In her analysis of the film, Tania Modleski notes:

Of course, one might ask why, if a sordid crime like rape/murder is to be depicted at all, it should not be shown "in all its horror." [...] Hitchcock's use of graphic details, his casting of ordinary non-fetishized women in the various female roles, and his refusal to eroticize the proceedings as he had in Psycho [...] all this makes the crime he is depicting more difficult for the spectator to assimilate.[48]

In his book on the making of the film, Alfred Hitchcock's Frenzy: The Last Masterpiece, Raymond Foery devotes an entire chapter to the issues raised by the film and references a number of key texts, including:

See Also...

For further relevant information about this film, see also...

Blu-ray Releases

released in 2012

6107.gif Frenzy (1972) - Universal (Blu-ray, 2012)
available as an individual disc or as part of the box set Alfred Hitchcock: The Masterpiece Collection - Universal (Blu-ray, 2012)

DVD Releases

released in 2006

6106.gif Frenzy (1972) - Universal (USA, 2006)
Amazon (USA)
NTSC 1.78:1 (anamorphic)

released in 2005

6105.gif Frenzy (1972) - Universal (UK, 2005)
Amazon (UK)
6104.gif Frenzy (1972) - Universal (USA, 2005) as part of a box set
Amazon (USA)
NTSC 1.78:1 (anamorphic) [01:55:44]

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Notes & References

  1. Lima News (16/Jul/1972) - Alfred Hitchcock Not a Male Chauvinist
  2. Alfred Hitchcock's Frenzy: The Last Masterpiece (2012) by Raymond Foery, pages 10-11
  3. Alfred Hitchcock's Frenzy: The Last Masterpiece (2012) by Raymond Foery, page 13
  4. Alfred Hitchcock: A Life in Darkness and Light (2003) by Patrick McGilligan, pages 698-9
  5. The Times (11/Jan/1971) - Hitchcock to make film in London
  6. Alfred Hitchcock: A Life in Darkness and Light (2003) by Patrick McGilligan, page 700
  7. Alfred Hitchcock: A Life in Darkness and Light (2003) by Patrick McGilligan, page 701
  8. Alfred Hitchcock: A Life in Darkness and Light (2003) by Patrick McGilligan, pages 701-2
  9. It's highly likely that Hitchcock made the name change to "Blaney" as a symbolic link back to his childhood — when his father moved the family business from Leytonstone to Limehouse, they took over a fishmongery at 175 Salmon Lane previously owned by Benjamin Blayney.
  10. Alfred Hitchcock: A Life in Darkness and Light (2003) by Patrick McGilligan, page 704
  11. The Times (03/Aug/1971) - Murder with comedy at Covent Garden Market
  12. Alfred Hitchcock: A Life in Darkness and Light (2003) by Patrick McGilligan, page 703
  13. Alfred Hitchcock: A Life in Darkness and Light (2003) by Patrick McGilligan, 708
  14. Alfred Hitchcock: A Life in Darkness and Light (2003) by Patrick McGilligan, page 708
  15. Alfred Hitchcock: A Life in Darkness and Light (2003) by Patrick McGilligan pages 708-9
  16. Alfred Hitchcock's Frenzy: The Last Masterpiece (2012) by Raymond Foery, pages 42, 77 & 99
  17. Alfred Hitchcock's Frenzy: The Last Masterpiece (2012) by Raymond Foery, pages 64-5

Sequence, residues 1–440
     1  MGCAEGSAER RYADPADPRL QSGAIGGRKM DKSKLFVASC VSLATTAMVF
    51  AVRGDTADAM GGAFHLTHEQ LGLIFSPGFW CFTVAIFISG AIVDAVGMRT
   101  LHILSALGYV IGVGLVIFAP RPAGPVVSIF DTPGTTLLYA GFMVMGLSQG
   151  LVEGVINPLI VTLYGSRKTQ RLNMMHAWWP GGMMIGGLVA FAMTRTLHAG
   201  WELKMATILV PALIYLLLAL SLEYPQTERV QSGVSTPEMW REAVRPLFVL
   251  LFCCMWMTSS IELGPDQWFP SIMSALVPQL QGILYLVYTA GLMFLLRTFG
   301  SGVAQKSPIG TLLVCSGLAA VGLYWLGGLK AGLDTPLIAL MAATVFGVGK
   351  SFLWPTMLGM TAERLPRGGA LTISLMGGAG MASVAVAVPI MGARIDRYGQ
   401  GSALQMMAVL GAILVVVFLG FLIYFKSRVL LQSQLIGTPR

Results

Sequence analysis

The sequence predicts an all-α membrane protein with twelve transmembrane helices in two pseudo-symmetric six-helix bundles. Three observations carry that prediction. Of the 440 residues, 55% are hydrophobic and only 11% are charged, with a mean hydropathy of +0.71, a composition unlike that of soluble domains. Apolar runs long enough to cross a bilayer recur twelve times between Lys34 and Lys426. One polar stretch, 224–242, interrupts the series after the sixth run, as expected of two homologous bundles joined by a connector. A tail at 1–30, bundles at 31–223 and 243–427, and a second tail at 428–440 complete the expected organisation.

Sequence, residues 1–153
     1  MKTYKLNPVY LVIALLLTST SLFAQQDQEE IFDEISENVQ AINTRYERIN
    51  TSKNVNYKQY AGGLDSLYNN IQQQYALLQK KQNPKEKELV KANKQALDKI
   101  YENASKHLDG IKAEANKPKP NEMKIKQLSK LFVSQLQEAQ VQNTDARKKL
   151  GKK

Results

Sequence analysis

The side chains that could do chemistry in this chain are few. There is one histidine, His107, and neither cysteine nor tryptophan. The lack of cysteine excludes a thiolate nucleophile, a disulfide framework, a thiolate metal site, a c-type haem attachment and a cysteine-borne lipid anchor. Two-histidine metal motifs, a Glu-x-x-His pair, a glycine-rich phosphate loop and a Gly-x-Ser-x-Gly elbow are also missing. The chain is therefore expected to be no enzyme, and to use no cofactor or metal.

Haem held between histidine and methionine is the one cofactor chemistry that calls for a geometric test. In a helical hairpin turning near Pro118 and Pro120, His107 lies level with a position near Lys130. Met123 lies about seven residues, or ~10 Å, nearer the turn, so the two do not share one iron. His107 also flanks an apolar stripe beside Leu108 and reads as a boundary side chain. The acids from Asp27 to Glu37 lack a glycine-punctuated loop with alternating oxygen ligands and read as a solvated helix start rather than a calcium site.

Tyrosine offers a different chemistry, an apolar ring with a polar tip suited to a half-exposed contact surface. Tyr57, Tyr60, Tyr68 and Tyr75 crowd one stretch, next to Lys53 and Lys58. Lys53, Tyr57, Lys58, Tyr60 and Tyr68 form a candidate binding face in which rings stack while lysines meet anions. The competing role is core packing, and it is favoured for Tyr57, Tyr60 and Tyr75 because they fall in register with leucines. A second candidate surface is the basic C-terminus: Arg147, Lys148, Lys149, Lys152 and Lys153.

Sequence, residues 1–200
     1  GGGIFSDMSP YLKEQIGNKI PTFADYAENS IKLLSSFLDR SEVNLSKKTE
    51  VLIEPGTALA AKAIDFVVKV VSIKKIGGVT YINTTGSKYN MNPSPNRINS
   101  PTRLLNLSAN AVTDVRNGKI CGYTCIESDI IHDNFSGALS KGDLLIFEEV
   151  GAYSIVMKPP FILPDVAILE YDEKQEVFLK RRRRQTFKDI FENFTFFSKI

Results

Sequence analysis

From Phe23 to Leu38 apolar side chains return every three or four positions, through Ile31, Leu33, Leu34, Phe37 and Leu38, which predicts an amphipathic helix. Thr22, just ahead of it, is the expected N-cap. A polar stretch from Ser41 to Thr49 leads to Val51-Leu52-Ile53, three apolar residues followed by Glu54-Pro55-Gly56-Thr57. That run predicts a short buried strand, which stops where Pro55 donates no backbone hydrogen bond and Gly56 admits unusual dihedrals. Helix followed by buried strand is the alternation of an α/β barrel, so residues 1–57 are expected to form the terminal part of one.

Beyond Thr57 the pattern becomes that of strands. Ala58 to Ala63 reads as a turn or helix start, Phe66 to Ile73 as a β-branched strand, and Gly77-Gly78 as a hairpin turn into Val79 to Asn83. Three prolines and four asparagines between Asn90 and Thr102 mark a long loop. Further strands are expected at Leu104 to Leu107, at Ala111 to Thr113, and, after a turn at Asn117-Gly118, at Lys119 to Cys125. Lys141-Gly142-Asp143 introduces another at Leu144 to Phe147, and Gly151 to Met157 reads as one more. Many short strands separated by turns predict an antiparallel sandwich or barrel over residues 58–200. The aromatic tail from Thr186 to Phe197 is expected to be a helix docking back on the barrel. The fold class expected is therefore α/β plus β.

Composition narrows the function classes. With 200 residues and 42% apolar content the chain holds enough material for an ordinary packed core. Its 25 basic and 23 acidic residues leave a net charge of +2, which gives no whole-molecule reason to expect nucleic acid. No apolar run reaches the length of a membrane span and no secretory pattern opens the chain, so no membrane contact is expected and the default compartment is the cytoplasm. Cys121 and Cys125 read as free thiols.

18. Alfred Hitchcock: A Life in Darkness and Light (2003) by Patrick McGilligan, pages 702-3
  19. Alfred Hitchcock's Frenzy: The Last Masterpiece (2012) by Raymond Foery, page 41
  20. Alfred Hitchcock's Frenzy: The Last Masterpiece (2012) by Raymond Foery, page 56
  21. Alfred Hitchcock: A Life in Darkness and Light (2003) by Patrick McGilligan, page 704
  22. Alfred Hitchcock's Frenzy: The Last Masterpiece (2012) by Raymond Foery, chapter 7
  23. Alfred Hitchcock's Frenzy: The Last Masterpiece (2012) by Raymond Foery, page 65
  24. Alfred Hitchcock's Frenzy: The Last Masterpiece (2012) by Raymond Foery, page 66
  25. Alfred Hitchcock's Frenzy: The Last Masterpiece (2012) by Raymond Foery pages 96 & 103
  26. Hitchcock Annual (2011) - "Murder Can Be Fun": The Lost Music of Frenzy - Gergely Hubai
  27. Alfred Hitchcock's Frenzy: The Last Masterpiece (2012) by Raymond Foery, page 106
  28. The Guardian (29/Dec/1971) - Henry Mancini
  29. Henry Mancini - "Did They Mention the Music?", pages 155-6
  30. Wikpedia: Château Haut-Brion
  31. An Interview with Bernard Herrmann (August 1975)
  32. Alfred Hitchcock's Frenzy: The Last Masterpiece (2012) by Raymond Foery, page 108
  33. Alfred Hitchcock's Frenzy: The Last Masterpiece (2012) by Raymond Foery, pages 108-9
  34. Alfred Hitchcock's Frenzy: The Last Masterpiece (2012) by Raymond Foery, page 109
  35. Alfred Hitchcock's Frenzy: The Last Masterpiece (2012) by Raymond Foery, page 112-3
  36. Alfred Hitchcock: A Life in Darkness and Light (2003) by Patrick McGilligan, page 712
  37. The Times (12/Apr/1972) - Films chosen for the Cannes Festival
  38. Alfred Hitchcock's Frenzy: The Last Masterpiece (2012) by Raymond Foery, 114
  39. TIME (1972) - Still the Master
  40. Film Quarterly (1972) - Frenzy
  41. The Guardian (25/May/1972) - Strangled laughter
  42. The Times (23/May/1972) - Frenzy: Hitchcock magic is intact
  43. The Times (16/Mar/1973) - Damages over Hitchcock film
  44. The Times (29/May/1972) - Letters to the Editor: Hitchcock's "Frenzy"
  45. Alfred Hitchcock's Frenzy: The Last Masterpiece (2012) by Raymond Foery, page 125
  46. The rape/murder originally ended with a close-up of spittle dripping from the dead Brenda Blaney's mouth, but Hitchcock was persuaded this was a step too far and a freeze-frame of Brenda's face was used instead.
  47. The Times (03/Jan/1972) - Censor trims Hitchcock film
  48. The Women Who Knew Too Much (2005) by Tania Modleski
Hitchcock's Major Films
1920s The Pleasure Garden · The Mountain Eagle · The Lodger · Downhill · Easy Virtue · The Ring · The Farmer's Wife · Champagne · The Manxman · Blackmail
1930s Juno and the Paycock · Murder! · The Skin Game · Rich and Strange · Number Seventeen · Waltzes from Vienna · The Man Who Knew Too Much · The 39 Steps · Secret Agent · Sabotage · Young and Innocent · The Lady Vanishes · Jamaica Inn
1940s Rebecca · Foreign Correspondent · Mr and Mrs Smith · Suspicion · Saboteur · Shadow of a Doubt · Lifeboat · Spellbound · Notorious · The Paradine Case · Rope · Under Capricorn
1950s Stage Fright · Strangers on a Train · I Confess · Dial M for Murder · Rear Window · To Catch a Thief · The Trouble with Harry · The Man Who Knew Too Much · The Wrong Man · Vertigo · North by Northwest
1960s Psycho · The Birds · Marnie · Torn Curtain · Topaz
1970s Frenzy · Family Plot
view full filmography